Photo: www.brokeroyals.com
Photo: www.brokeroyals.com

Rock Music with a Brain: Broke Royals

“He was building a studio and knew I was performing at coffee shops on campus, and he asked me to come in and work on some songs.”

Philip Basnight tells me this on a three-way call with the “he” he’s referring to: Colin Cross. The William & Mary alums came together to form the band Broke Royals during their collegiate years. The Virginia outfit has nothing to do with May’s British royal wedding, and no, we’re not writing a story about them to capitalize on the likely spiking SEO results from folks searching the term “royal” either.

We’re writing about these two fellas because, like a marriage between two overwhelmingly famous people, their union is working. Only instead of producing Instagrammable photos and fashion hot takes, they’re creating local pop music.

“We have a lot of respect for each other,” Cross says. “We come at it from different angles. I come at it with experience and technical knowledge, and he has a nuanced musical knowledge. We’re always willing to try different things.”

Basnight got his start in music on the piano because his dad was the de facto music teacher for his neighborhood. The Broke Royals vocalist tells me he was easily the worst piano student his father had. A love of guitar came shortly after, and so did a reputation as the “music guy” at his high school.

“I didn’t know how to talk about sports or anything like that,” Basnight says. “Anytime I met new people, I would try to shift the conversation toward music. Even if people don’t consider themselves music lovers, there’s always something under the surface, whether it’s nostalgia or just a fleeting feeling.”

Basnight discovered a kindred spirit in Cross. Before the two met, Cross had already lived the life of a touring musician, traversing the Midwest in a pop punk band. Though he enjoyed performing, he wanted to switch his focus to production.

“I settled down and moved out here to finish school,” Cross says. “I learned a lot about studio work and had seen the workflow from a musician’s perspective, and I leaned toward that process. That’s when we started working together on technical stuff.”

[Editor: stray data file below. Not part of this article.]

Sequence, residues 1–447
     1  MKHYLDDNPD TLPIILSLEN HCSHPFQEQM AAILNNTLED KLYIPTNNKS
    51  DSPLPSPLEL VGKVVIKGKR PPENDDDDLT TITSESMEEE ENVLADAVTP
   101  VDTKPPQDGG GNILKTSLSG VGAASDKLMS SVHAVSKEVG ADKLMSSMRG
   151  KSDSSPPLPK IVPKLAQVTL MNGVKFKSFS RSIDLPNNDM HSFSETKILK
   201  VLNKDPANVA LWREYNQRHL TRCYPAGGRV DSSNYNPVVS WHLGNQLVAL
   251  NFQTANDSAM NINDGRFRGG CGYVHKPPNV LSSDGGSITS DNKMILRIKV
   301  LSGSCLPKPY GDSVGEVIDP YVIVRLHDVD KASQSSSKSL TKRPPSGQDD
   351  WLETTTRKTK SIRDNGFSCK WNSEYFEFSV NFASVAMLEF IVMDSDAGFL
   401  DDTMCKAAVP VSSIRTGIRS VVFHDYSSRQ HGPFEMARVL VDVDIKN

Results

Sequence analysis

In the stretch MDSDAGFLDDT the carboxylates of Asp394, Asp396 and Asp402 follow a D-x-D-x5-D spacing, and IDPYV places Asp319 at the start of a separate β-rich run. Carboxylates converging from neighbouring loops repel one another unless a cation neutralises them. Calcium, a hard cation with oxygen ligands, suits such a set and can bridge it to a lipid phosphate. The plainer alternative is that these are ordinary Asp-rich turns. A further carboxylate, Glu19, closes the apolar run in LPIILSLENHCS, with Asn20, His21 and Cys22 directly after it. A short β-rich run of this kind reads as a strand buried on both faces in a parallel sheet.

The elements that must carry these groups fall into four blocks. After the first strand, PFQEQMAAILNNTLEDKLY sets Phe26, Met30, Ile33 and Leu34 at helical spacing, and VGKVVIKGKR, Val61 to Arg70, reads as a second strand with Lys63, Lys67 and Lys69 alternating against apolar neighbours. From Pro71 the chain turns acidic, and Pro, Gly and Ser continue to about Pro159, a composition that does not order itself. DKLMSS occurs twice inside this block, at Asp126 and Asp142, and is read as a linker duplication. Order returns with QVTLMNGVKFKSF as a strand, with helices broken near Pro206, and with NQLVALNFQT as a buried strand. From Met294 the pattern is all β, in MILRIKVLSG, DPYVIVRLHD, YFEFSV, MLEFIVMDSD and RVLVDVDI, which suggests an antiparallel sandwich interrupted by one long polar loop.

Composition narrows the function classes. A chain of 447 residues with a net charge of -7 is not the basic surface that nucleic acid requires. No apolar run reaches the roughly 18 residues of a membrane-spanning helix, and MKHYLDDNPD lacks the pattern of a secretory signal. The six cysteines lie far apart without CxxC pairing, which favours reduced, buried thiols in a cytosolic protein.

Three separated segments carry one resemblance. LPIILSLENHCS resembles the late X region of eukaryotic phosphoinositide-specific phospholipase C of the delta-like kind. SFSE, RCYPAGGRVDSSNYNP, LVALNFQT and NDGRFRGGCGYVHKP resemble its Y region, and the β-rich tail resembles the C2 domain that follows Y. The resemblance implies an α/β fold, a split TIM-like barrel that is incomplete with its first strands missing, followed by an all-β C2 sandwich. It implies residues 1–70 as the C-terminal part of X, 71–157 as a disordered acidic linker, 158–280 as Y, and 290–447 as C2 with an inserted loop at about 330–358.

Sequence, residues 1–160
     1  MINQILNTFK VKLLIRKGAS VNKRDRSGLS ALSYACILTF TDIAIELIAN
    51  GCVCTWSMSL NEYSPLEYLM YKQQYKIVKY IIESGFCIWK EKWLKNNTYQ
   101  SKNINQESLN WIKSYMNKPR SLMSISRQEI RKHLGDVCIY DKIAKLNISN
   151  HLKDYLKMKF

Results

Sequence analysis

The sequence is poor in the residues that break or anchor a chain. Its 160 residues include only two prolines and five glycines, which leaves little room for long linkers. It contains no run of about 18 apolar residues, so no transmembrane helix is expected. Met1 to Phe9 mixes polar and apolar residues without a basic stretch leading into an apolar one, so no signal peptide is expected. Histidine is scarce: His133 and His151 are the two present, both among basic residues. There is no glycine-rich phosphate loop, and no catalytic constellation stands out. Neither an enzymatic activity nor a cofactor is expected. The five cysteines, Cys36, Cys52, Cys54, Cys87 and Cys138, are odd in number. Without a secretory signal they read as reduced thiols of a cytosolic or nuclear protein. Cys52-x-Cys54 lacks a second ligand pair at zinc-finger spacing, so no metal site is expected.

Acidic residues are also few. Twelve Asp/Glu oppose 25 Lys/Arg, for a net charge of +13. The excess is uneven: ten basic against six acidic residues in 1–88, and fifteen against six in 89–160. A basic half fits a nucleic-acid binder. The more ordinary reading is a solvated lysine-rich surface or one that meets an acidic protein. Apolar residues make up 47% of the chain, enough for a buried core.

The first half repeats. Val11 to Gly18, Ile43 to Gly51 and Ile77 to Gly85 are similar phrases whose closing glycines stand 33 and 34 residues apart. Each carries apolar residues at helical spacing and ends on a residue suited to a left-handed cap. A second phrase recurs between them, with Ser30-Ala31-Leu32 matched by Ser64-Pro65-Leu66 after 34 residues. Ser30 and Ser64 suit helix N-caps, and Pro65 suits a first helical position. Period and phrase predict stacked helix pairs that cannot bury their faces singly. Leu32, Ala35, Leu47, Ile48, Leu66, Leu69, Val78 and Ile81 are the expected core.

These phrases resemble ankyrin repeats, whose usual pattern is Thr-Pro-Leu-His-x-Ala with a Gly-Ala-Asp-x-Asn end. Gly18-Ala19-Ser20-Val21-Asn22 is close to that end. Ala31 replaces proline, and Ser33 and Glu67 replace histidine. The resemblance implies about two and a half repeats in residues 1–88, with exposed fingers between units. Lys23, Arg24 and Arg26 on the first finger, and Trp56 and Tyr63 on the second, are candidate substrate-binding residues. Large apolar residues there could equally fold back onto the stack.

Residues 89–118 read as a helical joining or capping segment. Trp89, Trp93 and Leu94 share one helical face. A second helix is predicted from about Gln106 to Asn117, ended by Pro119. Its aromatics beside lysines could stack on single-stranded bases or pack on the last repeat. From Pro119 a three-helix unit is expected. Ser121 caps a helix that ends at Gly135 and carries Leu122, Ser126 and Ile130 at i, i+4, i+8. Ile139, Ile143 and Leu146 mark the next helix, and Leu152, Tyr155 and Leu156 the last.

By 2014, Cross had set up a studio and figured he’d need some demos to tout his production talents, so he enlisted fellow student Basnight. After recording a few songs, their chemistry and similar musical sensibilities were undeniable. The latter revolved around an adoration for pop and rock music, including stalwarts like David Bowie, Prince, Spoon and Wilco.

Over the past four years, Cross and Basnight have continued to concoct songs while establishing a consistent aesthetic.
In photos, you’ll find the bandmates both dressed in white dress shirts tucked in neatly under black vests. Their music is sultry and smooth, sonically gathering from a multitude of influences and instrumentations.

“I think it’s really natural,” Basnight says. “We use Apple Music so we can see what the other is listening to. We want to use all the sounds that are exciting to us. We’re not trying to find weird things. These are the sonic influences we have in our day-to-day lives, and that’s what is exciting for us. It’s a fun guessing game to see where certain aspects come from. I think everything we do is an amalgamation of what we love.”

Because of their shared palates, they give each other the freedom to throw in any and everything they want to try before they strip away what doesn’t work. Last year, the duo released their first full-length LP, a self-titled work that seamlessly incorporated Basnight’s easygoing vocals and Cross’s production know-how. The two recorded the album in one short burst, tucked away in an upstate New York cabin.

“I wouldn’t call it closure, because when you get your album out is when the work starts,” Basnight says.

With music videos, singles and shows galore, the album only served to spark a chaotic season for Broke Royals, and the two seem to relish in this busy space.

“In the interim, we’re writing a ton of music,” Basnight says. “We are definitely in a recording period again.”

But don’t fret, they’re still playing live. Catch the band at AdMo’s Songbyrd Record Cafe and Music House on June 28 at 7 p.m. Tickets are $10-$12. For more information on Broke Royals, visit www.brokeroyals.com.

Songbyrd Record Cafe and Music House: 2475 18th St. NW, DC; 202-450-2917; www.songbyrddc.com